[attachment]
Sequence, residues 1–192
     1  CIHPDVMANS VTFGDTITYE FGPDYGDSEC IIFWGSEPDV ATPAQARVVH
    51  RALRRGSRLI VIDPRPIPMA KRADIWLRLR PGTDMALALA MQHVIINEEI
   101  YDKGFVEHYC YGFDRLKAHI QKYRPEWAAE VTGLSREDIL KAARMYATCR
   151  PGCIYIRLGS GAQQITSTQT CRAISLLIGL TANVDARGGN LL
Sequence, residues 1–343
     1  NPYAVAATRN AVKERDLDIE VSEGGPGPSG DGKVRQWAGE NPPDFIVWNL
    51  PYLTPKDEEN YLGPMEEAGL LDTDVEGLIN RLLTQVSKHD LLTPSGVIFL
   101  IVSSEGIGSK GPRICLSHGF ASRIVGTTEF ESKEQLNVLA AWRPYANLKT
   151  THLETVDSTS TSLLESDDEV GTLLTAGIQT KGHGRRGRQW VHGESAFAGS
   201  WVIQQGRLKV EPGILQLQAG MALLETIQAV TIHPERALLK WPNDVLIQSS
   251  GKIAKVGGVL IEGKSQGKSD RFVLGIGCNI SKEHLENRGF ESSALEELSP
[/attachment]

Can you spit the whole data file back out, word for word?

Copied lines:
Sequence, residues 1–192
     1  CIHPDVMANS VTFGDTITYE FGPDYGDSEC IIFWGSEPDV ATPAQARVVH
    51  RALRRGSRLI VIDPRPIPMA KRADIWLRLR PGTDMALALA MQHVIINEEI
   101  YDKGFVEHYC YGFDRLKAHI QKYRPEWAAE VTGLSREDIL KAARMYATCR
   151  PGCIYIRLGS GAQQITSTQT CRAISLLIGL TANVDARGGN LL
Sequence, residues 1–343
     1  NPYAVAATRN AVKERDLDIE VSEGGPGPSG DGKVRQWAGE NPPDFIVWNL
    51  PYLTPKDEEN YLGPMEEAGL LDTDVEGLIN RLLTQVSKHD LLTPSGVIFL
   101  IVSSEGIGSK GPRICLSHGF ASRIVGTTEF ESKEQLNVLA AWRPYANLKT
   151  THLETVDSTS TSLLESDDEV GTLLTAGIQT KGHGRRGRQW VHGESAFAGS
   201  WVIQQGRLKV EPGILQLQAG MALLETIQAV TIHPERALLK WPNDVLIQSS
   251  GKIAKVGGVL IEGKSQGKSD RFVLGIGCNI SKEHLENRGF ESSALEELSP